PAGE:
Jay Wolpert's second Game Show, this time for NBC. It was also the debut hosting job for Peter Tomarken, who had previously helmed two unsold Wolpert pilots: Rodeo Drive (a 1980 game which was picked up by Lifetime in 1990, but with a different host) and Duel in the Daytime (a 1981 Minigame Game that was even more of a Refuge in Audacity than Whew!, if there's ever such a thing).At least Hit Man is a bit less complicated than Whew!, though: In each round, contestants watched a short documentary-style film narrated by Tomarken, and answered questions about it. Three contestants did so in the first round, and the first two to give five correct answers advanced to the next round (and won $300 and $200 respectively).In Round 2, the two challengers were joined by the returning champion. The challengers had to defend their Hit Men from certain doom by answering questions individually against the champion (the first-place finisher could choose to let the champion answer first, or answer himself). The first-place finisher was stocked with a party of four Hit Men, the runner-up had three, and the champion had seven. The champion won by eliminating all of the challengers' Hit Men, while a challenger won by being the active player when the champion ran out of Hit Men. .…Okay, on second thought, maybe Round 2 is a tad confusing on paper. The winner of the game proceeded to play the Triple Crown bonus round for $10,000.Unfortunately, Hit Man was ultimately assassinated by The Price Is Right, making it a victim of Wolpert's own success.note It ran from January 3 to April 1, 1983, before being replaced by the Bob Eubanks revival of Dream House.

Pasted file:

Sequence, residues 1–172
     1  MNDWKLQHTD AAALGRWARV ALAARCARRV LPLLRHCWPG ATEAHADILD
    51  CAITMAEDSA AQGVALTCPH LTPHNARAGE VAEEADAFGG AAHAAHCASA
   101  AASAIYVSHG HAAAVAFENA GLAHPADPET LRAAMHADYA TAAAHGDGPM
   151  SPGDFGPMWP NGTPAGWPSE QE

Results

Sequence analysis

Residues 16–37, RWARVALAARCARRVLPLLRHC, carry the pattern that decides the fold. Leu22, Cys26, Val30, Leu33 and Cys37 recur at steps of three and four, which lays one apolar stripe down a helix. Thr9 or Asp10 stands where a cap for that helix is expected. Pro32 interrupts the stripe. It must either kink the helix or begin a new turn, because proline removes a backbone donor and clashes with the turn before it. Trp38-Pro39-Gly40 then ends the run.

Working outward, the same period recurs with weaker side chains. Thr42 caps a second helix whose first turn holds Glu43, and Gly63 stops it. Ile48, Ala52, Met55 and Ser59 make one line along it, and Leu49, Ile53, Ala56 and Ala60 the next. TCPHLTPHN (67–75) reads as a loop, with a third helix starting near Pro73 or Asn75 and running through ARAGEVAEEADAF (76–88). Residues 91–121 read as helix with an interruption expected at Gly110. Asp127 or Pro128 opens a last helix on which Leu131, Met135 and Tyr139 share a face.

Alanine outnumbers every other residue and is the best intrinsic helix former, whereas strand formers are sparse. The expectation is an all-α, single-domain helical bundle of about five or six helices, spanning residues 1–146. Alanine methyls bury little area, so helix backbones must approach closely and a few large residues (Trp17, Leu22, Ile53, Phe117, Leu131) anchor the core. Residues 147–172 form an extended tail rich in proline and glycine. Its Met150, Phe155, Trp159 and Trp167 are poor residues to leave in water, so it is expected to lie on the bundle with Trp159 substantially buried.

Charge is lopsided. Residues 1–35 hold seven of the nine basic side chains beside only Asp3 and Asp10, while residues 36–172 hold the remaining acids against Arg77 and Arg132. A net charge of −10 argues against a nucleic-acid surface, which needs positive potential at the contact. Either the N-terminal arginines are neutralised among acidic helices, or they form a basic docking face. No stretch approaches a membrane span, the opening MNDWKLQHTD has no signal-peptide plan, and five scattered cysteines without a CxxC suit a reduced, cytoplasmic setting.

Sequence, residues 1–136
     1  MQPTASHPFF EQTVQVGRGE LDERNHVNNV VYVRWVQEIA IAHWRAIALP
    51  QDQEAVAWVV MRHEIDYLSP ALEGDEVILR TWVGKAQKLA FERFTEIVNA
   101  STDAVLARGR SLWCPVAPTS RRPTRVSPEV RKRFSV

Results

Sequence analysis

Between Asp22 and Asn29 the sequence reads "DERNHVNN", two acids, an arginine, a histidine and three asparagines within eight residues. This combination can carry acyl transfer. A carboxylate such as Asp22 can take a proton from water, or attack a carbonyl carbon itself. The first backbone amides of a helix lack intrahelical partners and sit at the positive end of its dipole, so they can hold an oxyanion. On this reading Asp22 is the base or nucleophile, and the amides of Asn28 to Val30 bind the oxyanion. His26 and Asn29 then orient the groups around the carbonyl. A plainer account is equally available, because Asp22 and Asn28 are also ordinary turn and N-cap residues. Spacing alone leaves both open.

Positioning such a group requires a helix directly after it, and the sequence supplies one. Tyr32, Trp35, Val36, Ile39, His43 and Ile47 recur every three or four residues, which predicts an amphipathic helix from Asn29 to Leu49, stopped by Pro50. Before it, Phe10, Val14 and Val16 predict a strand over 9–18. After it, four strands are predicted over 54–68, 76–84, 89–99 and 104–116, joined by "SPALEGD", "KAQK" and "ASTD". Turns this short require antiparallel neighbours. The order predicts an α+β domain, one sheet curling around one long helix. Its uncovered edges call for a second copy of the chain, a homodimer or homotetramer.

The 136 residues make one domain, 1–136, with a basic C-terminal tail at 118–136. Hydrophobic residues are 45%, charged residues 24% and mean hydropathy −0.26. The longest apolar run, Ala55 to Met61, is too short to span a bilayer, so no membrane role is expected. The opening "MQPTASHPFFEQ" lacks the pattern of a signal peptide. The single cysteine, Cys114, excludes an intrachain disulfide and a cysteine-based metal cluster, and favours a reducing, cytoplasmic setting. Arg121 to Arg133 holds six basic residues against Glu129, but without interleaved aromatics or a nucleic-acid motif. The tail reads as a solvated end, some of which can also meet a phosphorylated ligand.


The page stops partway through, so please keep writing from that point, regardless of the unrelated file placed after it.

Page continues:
Game Show Tropes in use:
This series provides examples of: